In the digital age, these firms allow customers to participate in key elements of their traditional value chain. Many companies use digital technology to engage with their customers through new products, services and platforms. These touchpoints serve as channels that accelerate engagement.
Customers become collaborators and can engage across the entire value chain, from R&D and product development (Starbucks’ MyStarbucksIdea.com), content creation (LinkedIn’s Profiles) and logistics (UPS MyChoice) to services (iStockphoto inspectors). This requires a strong understanding of how customers connect with what you do in a functional and emotional way.
Giff Gaff, a mobile phone network owned by Telefonica, is leveraging its community to improve its customer service. Remarkably, unlike other operators, Giff Gaff has no customer service function. There is no phone number to call. Why? The company has invited its customers to take control of customer services and outsourced this function to the community. And it works. Customer queries are being resolved in record time.
Vincent Boon, Head of Community at Giff Gaff, explains: “The value generated by the community is incredible, and means that we can take the savings we make from not having a traditional, high cost, infrastructure, and pass that directly to our customers in terms of great product value. Everyone wins!”
This digital-mediated approach presents a paradox for the traditional way of doing business. We are asking customers to do part of the work, and they like it. They positively engage with the service because they are directly involved. That’s what makes their participation powerful and it means they feel more comfortable when it comes to sharing data.
To make this relationship work, companies must embrace humility to combine functional trust (required for transactions) with affective trust (required to build relationships and communities). Humble leaders create cultures that are perceived as open to input from all sides, especially the customer. Humble organisations value inclusion and transparency to build trust. As such, humility is a key leadership trait for customer centricity in a digital world.
From tug-of-war to digitally-enabled audacity
The combination of data-centric empathy and digitally-mediated humility can take you a long way. We argue that audacity is the final leadership ingredient for true customer centricity today, with digital technology as its catalyst.
Taking bold risks is normally the domain of the entrepreneur. But, in a digital world, all business leaders must embrace audacity through digital innovation if they want to delight customers and meet “latent” needs – needs that sometimes customers themselves don’t realise they have, sometimes with technology they don’t even know exists.
In addition to enabling firms to take more risks, digital technology also enables firms to reduce the risk for their customers – a welcome customer-centric mindset change.
Despite all the talk about customers being our partners, in practice, the traditional development of new products and services came with an implicit, dominant corporate logic: “The less we give them, the more we gain.” This created a de facto “tug of war” relationship with customers.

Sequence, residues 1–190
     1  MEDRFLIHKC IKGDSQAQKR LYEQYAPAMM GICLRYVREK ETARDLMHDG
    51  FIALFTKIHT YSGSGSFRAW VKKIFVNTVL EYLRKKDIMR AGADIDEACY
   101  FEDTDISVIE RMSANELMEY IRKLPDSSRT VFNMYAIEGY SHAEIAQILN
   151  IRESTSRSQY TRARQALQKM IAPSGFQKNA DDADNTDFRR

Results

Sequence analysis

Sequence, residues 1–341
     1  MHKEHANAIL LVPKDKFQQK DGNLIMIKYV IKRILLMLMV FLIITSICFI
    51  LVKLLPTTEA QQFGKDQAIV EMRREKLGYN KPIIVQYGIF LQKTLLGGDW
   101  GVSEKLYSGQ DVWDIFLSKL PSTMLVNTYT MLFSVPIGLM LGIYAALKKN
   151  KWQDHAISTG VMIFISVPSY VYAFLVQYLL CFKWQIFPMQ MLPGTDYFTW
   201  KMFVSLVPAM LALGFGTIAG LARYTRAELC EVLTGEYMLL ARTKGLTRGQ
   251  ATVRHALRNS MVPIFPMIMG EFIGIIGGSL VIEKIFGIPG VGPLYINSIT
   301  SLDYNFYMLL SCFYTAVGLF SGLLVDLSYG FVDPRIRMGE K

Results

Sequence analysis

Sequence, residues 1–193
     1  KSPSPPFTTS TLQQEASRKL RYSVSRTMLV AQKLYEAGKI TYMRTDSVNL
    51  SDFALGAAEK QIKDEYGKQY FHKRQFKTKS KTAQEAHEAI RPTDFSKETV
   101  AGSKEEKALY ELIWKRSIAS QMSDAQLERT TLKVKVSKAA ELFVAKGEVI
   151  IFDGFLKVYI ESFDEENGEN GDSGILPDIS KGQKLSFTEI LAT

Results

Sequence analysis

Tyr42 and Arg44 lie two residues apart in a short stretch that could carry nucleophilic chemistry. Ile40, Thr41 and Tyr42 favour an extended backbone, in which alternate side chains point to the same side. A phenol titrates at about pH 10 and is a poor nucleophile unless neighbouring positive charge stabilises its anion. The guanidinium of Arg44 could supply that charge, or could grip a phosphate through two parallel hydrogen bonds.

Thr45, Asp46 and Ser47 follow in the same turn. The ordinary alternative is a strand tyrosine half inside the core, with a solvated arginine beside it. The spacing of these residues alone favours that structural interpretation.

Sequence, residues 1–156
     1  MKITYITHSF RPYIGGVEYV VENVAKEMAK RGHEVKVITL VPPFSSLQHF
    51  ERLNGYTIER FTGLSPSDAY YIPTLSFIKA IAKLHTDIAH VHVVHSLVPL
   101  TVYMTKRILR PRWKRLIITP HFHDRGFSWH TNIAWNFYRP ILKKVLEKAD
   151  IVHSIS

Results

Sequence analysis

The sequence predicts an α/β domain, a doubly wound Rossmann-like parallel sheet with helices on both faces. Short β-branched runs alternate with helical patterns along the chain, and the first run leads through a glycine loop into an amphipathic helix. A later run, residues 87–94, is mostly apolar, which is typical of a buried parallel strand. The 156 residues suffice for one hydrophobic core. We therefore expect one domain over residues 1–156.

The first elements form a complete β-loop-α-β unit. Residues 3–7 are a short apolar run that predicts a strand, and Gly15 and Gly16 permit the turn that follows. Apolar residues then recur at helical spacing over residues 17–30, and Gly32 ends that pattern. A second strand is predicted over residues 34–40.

Against that backdrop, audacity is not about boldly launching into uncharted territories. It is about having a pragmatic growth mindset: “I win when you win because we are in the same boat.” It involves looking at business models from the customer perspective and being willing to share risk with customers, informed and enabled by digital technology.
For example, firms can share customers’ volume-related risk through the development of subscription (HP subscription ink model) or pay-per-use business models (Michelin pay-per-kilometre model). These new revenue models can only work because firms are able to develop seamless data-based interaction at scale with customers.
Data is also central to designing performance or outcome-based models which tie the firms’ revenues with the quality they offer their customers. These models are high risk as they rely on certain critical criteria. Will we be able to deliver as contracted upon performance? Will customers fulfill their obligations?
In both cases, digital technology plays a decisive role. Sensor data and IoT technology captures real-time data at the point of use, creating contractual transparency that enables enforcement.
A transportation firm may find it attractive to purchase a truck with a guaranteed “up-time” model, but to make this model work transparently, the truck manufacturer needs to know that the vehicle will be well maintained and operated properly. It’s this willingness and ability to spread risk through data-enabled transparency that makes audacity key for true customer centricity today.
Customer centricity on digital steroids
Understanding the importance of the human touch within digitally-enabled experiences is becoming a management imperative. Blending a deep understanding of how digital technology can create value with the leadership traits required to establish trusted win-win relationships with customers is critical. It requires a finetuned leadership combination of care – empathy and humility – with the courage to dare – audacity.
Organisations that nurture and employ these traits as they embrace digital innovation will put their customer interactions on steroids and move one step closer to true customer centricity.
Didier Bonnet is Affiliate Professor of Strategy and Digital Transformation, Katharina Lange is Affiliate Professor of Leadership and Frédéric Dalsace is Professor of Marketing and Strategy at IMD Business School.